Door entry technology is increasingly replacing lock and key systems

  • 15 Apr 2014

For centuries, lock and key systems have been used to access buildings and it is fair to say they have changed relatively little over that time. The principle of gaining entry to a home or office – the simple act of putting a key in a lock and turning it – is much the same now as it was a couple of hundred years ago.

Heavy duty code operated locks are suitable when limiting access to high-traffic, security sensitive areas

But, as with many other aspects of modern life, technology is altering the way things have traditionally been done and we’re now seeing a new range of products gaining a significant foothold in the security market.

These products – notably code and biometric locks, along with other standalone innovations – are providing reasonably priced and aesthetically pleasing solutions which even the most hardened technophobe can get to grips with. Perhaps, most importantly, they offer real quality and a new dimension in keeping premises safe and secure.

The territory occupied by the traditional key has been muscled into before but products such as entry card systems, which have become popular in business and office environments, are seemingly becoming flawed.

These radio-frequency identification (RFID) cards can, of course, be lost or stolen and now it appears they can be cloned too. Security expert Fran Brown has invented a device which does just that, while pointing out that every single one of America’s 500 biggest corporations uses RFID readers to control access to their offices. It is therefore unsurprising that secure door entry trends are now pointing towards the next level of sophistication.

Code operated locks are available in a variety of shapes and sizes and several versions can be purchased for around £15 to £30. These models tend to be easy to fit and simple to use and are generally suited to doors which aren’t being accessed on a frequent basis.

Heavy duty code operated locks are suitable when limiting access to high-traffic, security sensitive areas. Some models are suitable for interior and exterior doors and the option of setting up one-time user codes makes it particularly useful for large organisations including hospitals and schools.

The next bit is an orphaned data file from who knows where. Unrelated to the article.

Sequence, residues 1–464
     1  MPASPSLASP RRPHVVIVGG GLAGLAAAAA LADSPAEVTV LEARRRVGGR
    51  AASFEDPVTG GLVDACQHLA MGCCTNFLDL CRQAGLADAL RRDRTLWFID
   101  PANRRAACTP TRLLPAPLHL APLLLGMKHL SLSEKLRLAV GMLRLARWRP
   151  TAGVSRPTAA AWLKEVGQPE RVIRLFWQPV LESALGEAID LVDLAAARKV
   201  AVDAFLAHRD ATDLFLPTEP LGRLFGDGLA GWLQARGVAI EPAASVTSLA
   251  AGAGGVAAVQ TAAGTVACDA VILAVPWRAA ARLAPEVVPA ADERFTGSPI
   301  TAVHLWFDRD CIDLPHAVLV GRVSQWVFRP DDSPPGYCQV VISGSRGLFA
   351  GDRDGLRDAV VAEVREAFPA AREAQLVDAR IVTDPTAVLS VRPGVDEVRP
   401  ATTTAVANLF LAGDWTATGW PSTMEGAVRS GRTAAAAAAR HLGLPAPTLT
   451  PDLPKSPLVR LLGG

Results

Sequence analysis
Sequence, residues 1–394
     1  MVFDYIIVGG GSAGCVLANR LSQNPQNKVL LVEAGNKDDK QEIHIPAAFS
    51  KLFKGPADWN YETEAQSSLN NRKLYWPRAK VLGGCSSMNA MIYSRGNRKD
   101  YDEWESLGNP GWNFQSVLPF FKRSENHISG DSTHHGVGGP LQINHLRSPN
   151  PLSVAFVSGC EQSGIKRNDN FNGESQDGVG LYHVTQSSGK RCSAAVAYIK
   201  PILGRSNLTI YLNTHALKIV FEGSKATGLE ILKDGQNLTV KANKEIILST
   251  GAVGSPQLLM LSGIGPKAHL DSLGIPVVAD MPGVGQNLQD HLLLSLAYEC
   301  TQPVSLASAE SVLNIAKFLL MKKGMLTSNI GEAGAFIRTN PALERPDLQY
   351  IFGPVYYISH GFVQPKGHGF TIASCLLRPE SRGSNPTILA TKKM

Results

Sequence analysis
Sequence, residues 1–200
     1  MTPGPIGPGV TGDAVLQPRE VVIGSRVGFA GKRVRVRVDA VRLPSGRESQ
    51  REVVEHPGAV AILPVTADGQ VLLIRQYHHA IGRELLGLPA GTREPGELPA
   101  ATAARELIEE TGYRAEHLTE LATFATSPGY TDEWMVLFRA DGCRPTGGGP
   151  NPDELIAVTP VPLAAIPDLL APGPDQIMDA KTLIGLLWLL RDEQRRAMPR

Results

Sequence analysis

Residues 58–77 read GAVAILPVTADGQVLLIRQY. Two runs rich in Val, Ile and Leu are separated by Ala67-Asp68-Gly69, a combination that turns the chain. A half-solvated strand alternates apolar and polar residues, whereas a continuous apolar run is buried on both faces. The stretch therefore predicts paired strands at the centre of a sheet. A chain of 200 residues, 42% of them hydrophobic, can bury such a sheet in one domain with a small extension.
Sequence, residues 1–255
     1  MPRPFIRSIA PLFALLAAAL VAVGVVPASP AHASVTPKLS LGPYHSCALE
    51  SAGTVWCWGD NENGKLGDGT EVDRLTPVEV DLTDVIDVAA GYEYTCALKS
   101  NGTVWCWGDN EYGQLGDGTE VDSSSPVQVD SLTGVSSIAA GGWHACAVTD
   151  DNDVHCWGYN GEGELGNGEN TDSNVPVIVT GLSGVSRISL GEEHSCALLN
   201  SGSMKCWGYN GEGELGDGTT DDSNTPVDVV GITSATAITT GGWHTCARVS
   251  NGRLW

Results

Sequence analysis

Variations on the code operated theme include touchscreen devices and backlit keypads, while space-saving is the name of the game when it comes to locks featuring buttons on door handles, meaning no need for potentially bulky keypads.

Biometric fingerprint sensors have been incorporated into a variety of technological devices, notably in unlocking mobile phones and they have now made their way into the field of security solutions.

This is where visions of sci-fi and Star Trek can start to take hold but, in reality, these locks fit most traditional wooden doors and can operate through the use of humble AA batteries. They are also well suited to high-traffic commercial premises, with products designed for use internally and externally, with a sliding cover protecting the fingerprint reader from dust and moisture and fingerprint recognition creating a digital code for authorised entry.

It is possible for a doorbell to be pressed and for the property owner to speak to the person at the door remotely on a mobile or landline

It is also worth noting that door entry kits are moving with the times to the extent that even the simple doorbell is being transformed. With both security and convenience being sought by consumers, it is now possible for a doorbell to be pressed and for the property owner to speak to the person at the door remotely on a mobile or landline, meaning deliveries don’t need to be missed even if the recipient is miles away from the building.

Overall, even though door entry systems are increasingly becoming more sophisticated, that doesn’t mean they are difficult to install or particularly expensive. Products can be found which suit pretty much any budget and cater for the needs of a diverse range of users, from domestic to business and commercial.

As with most of the gadgets and gizmos we find ourselves using in 2014, the technology is now here to stay and is only likely to develop further. So, while the range of entry systems increases, the future of the traditional lock and key begins to look increasingly bleak.

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